Here's Julien looking resplendent while rolling droopy.
photo cred: AMB Mag
His bike, being all non-droopy and forlorn.
Significant? Indeed. Not the first time an Elite rider got on the podium with a drooper though, as Tanja Zakelj drooped her way to second in Windham in 2014.
the dirt version of Peter Sagan himself*... or not). I mean, people love Nino so much that they watch his crosspump videos.
Crosspumpers love watching other crosspumpers crosspump.
Absalon has always been able to challenge Schurter on the climbs. What's amazing is that this past weekend in Cairns he finished only 27 seconds back in third place after he flatted, lost an Allen key in the pits while addressing the issue, and spent up to a minute looking for it?!?!
One can say that had he caught Schurter, the gauntlet woulda been thrown down, and Nino woulda unleashed his crosspump super powers. If you watched the race unfold, he was having quite a good time throwing whips over the doubles once he had a decent lead established. Let's just say he had some energy to spare... but still?
This is what I said almost two years ago:
"... say you are a rider who is a strong climber but lacks the ability to really rail descents and tackle the gnar at speed. Drop the post, and now you're changing your approach on turns and getting your weight back in the nasty stuff."
Nino's bike is off the deep end when it comes to being highly specialized (not Specialized) for his needs. 27.5" Dugast tubulars, Twinloc on-the-fly adjustable suspension travel... he was the only rider on SRAM's new 12 speed Eagle drivetrain. He's not afraid to do what he feels right for him to have the best bikecycle possible to make great bike race.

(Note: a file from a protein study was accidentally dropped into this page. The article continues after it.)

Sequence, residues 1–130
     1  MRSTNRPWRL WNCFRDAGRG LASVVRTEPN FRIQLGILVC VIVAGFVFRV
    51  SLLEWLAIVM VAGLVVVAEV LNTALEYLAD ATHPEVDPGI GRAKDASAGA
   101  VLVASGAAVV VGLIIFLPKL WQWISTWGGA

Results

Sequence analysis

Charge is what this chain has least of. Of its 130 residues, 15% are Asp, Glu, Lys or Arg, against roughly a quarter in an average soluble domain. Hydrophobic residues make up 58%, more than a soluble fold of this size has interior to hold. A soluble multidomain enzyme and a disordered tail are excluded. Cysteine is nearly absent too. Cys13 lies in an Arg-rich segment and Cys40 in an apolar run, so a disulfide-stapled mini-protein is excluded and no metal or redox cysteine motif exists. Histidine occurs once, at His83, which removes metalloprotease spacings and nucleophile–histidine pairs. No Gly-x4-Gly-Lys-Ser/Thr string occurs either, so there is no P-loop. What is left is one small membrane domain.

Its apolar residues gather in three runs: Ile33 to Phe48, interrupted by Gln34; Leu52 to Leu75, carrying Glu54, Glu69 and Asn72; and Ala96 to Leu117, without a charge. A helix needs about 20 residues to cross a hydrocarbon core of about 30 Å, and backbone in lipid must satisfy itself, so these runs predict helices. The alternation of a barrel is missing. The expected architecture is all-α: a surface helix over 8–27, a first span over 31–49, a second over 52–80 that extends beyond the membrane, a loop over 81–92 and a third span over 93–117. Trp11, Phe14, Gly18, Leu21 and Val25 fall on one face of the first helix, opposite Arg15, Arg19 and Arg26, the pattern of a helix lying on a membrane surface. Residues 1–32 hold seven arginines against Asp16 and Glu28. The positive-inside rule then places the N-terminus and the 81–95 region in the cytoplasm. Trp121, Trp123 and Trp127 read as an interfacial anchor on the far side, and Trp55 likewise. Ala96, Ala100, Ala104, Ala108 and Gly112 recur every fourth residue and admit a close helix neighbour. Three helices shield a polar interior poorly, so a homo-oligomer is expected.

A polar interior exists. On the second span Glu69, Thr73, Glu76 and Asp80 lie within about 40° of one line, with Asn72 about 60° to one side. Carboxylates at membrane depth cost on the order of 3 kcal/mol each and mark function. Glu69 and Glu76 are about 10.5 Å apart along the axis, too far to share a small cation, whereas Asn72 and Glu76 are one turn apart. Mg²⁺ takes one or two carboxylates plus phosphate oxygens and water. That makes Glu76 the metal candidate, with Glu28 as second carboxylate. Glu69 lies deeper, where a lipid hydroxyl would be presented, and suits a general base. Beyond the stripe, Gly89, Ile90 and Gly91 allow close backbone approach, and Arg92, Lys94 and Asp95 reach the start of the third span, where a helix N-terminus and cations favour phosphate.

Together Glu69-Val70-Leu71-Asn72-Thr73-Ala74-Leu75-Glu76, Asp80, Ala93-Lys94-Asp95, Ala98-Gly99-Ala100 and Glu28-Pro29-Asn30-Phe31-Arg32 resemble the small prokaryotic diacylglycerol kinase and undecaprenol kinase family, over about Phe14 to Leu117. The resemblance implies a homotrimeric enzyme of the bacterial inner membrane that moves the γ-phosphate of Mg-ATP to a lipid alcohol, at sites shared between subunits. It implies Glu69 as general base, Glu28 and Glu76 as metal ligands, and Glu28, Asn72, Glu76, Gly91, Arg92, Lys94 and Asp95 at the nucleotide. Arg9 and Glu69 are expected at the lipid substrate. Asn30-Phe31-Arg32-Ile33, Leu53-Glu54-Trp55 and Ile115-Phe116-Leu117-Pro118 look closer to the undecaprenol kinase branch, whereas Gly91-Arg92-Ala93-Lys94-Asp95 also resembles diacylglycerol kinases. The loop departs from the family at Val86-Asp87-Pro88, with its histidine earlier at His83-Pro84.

Absalon is aware of where he is losing time AND he's willing embrace some technology that others won't even consider because of weight (or lack of understanding). If you don't know your history, this is amazing, being that long after the other pros had gone to disc brakes, he clung to V-brakes like a lobbyist clings to a cause (as long as there's a lot of money attached to it).
And Nino's feels on droppers (as of right now, from BikeRadar):
"All the dropper posts you get are too heavy or just not for cross country," he goes on. "I’m sure the future will have these, but they’re (currently) too slow, too long and you need to put your body weight on them. For real cross country they must be faster, lighter, easier and shorter."
I realize he's going to be (slightly) limited in which drooper he might be allowed to use and/or test based on sponsorship. To say they're too slow (c'mon, I've ridden some real taint blasters), too long (some are as short as 50mm) and the "body weight" thing? Spend enough time on a drooper and it all becomes second nature. I know a fair amount of people who've only tried them for a short period of time and written them off entirely. They take some getting used to, and I truly believe until you ride in a place where they really shine, you'll have trouble catching on.
But when you do give it a chance, it becomes as acceptable as tubeless wheels/tires, disc brakes and all manner of other things that we just take for granted now.
* I know he was the 2008 World Junior mountain bike champion already, so pipe down.